Lewis & Clark Trail Bicycle Route
|This article does not cite any references or sources. (March 2010)|
The Adventure Cycling Association Lewis & Clark Trail Bicycle Route is a US Cycle route divided into multiple route segments/side routes. The route is a total of 3,253 mi (5,235 km). This route was created to celebrate the anniversary of the Corps of Discovery's 1804-1806 historic journey and offers cyclists the opportunity to follow the path of the explorers Captains Meriwether Lewis and William Clark and their Native American guides. It includes seven map sections detailing the 1804-1805 westbound trip, roughly following the Missouri River and the Columbia River, and one map section showing Clark's 1806 eastbound return along the Yellowstone River.
The main route of the Lewis & Clark Bicycle Trail is made up of paved roads, bike paths, and unpaved rail-trails, with occasional short sections of gravel roads. Conditions vary from rural to urban.
Lewis and Clark's expedition travelled more often by boat via rivers than by land, and this route follows the rivers as closely as possible. Occasional rough roads, narrow to non-existent shoulders, and sparse services make this a more challenging route and requires a fat-tired touring bicycle. A water filter is required, as many of the camp grounds available are primitive and do not have potable water sources. Using motels, requires planning ahead and the readiness to ride some long days, perhaps as much as 100 miles (160 km). Distances between services in some areas can be substantial, so prior planning of daily mileage is important.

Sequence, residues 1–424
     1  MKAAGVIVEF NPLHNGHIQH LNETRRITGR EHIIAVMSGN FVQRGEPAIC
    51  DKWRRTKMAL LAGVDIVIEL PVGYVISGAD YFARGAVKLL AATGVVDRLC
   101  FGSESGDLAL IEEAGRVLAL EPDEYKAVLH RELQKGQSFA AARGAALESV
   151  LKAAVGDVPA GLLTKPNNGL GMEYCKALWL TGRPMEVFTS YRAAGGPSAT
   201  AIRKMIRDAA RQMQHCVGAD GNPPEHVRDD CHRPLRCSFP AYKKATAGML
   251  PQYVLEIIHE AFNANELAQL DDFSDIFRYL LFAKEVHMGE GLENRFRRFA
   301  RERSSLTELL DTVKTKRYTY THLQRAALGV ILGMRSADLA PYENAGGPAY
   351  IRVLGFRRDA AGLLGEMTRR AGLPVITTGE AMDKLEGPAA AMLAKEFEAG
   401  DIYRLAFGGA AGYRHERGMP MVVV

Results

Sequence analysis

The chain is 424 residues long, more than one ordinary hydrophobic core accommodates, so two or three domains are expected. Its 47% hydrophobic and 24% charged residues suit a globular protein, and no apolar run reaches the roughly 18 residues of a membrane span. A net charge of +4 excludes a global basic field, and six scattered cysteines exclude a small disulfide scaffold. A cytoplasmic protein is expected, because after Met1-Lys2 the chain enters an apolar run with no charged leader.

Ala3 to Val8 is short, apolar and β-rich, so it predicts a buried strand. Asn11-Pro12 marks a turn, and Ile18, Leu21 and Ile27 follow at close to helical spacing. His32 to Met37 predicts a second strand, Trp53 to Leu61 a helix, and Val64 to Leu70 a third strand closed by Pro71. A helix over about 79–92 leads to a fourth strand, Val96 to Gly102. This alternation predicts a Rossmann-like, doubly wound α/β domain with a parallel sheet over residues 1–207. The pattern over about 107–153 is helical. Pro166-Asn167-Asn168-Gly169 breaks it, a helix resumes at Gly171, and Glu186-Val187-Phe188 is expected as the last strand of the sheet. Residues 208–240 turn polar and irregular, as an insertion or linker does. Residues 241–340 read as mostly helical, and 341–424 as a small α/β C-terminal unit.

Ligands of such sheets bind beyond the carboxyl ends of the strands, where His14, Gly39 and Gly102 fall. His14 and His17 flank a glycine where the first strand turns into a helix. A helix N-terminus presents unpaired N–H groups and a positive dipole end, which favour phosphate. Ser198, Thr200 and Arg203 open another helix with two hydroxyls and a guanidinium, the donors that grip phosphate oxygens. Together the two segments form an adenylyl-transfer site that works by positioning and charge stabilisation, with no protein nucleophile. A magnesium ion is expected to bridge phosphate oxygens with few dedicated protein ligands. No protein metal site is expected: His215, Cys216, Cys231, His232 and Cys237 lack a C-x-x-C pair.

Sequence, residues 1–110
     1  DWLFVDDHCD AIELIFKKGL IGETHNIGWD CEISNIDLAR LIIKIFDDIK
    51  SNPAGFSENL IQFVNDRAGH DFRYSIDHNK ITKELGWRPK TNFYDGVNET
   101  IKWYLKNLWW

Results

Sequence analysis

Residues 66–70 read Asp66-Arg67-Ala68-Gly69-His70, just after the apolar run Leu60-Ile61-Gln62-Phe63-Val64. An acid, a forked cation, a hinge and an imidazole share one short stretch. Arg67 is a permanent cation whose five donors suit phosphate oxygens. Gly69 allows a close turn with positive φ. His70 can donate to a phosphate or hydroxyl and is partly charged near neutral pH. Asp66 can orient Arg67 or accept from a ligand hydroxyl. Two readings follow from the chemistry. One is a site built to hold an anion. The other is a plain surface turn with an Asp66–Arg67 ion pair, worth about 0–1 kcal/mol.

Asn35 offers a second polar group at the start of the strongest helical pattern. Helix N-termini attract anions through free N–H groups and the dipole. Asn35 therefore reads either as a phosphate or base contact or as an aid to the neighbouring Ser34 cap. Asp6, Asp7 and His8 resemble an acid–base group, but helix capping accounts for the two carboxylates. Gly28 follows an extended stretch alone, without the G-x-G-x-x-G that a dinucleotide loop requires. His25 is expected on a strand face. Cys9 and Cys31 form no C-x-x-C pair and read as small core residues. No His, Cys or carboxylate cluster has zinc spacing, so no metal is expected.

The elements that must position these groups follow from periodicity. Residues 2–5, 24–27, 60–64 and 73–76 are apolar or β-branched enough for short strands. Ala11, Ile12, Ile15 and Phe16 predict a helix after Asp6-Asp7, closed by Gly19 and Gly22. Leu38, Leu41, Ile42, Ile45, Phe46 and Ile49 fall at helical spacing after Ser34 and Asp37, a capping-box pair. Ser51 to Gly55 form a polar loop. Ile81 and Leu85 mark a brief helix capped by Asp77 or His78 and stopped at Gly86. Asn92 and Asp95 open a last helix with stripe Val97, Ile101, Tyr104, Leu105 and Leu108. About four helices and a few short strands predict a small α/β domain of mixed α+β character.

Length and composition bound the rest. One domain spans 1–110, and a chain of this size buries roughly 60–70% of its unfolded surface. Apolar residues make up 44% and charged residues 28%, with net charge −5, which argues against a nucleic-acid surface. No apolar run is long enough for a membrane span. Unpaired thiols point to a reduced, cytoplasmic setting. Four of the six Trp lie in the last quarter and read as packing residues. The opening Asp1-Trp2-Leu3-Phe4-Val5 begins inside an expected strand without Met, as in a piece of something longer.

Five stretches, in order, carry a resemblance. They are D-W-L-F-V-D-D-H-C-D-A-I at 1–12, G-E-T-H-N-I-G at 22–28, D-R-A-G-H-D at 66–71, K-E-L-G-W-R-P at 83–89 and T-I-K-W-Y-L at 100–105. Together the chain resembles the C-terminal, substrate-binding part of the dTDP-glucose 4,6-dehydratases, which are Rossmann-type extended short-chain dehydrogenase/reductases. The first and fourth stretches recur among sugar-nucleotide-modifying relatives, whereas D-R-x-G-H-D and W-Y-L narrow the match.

Options and alternates offer the significant variety. The route covers 4,630 mapped miles (7,454 km). Travelling the most historically correct (main) westbound route over Lemhi Pass, the ride is 3,254 miles (5,237 km) to reach the Pacific Ocean. In total, there are 174 miles (280 km) of unpaved rail-trail and 214 miles (344 km) of gravel, 13 of which are unavoidable if you stay on the route. Some options allow riders to avoid gravel sections or to ride closer to the Missouri River, whereas others offer historical side trips and rarely seen vistas, like the view from Lewis and Clark Pass.
In response to all of the interest and activity in the years leading up to the Lewis & Clark expedition bicentennial celebration, the National Council of the Lewis & Clark Bicentennial was formed. Working hand in hand with federal and state agencies, Indian tribes, and other groups and individuals, the council coordinated dozens of partners, programs, and events concerned with commemorating the bicentennial. The council recognized the Lewis & Clark Bicycle Trail map series as part of the nationwide celebration.
States on the trail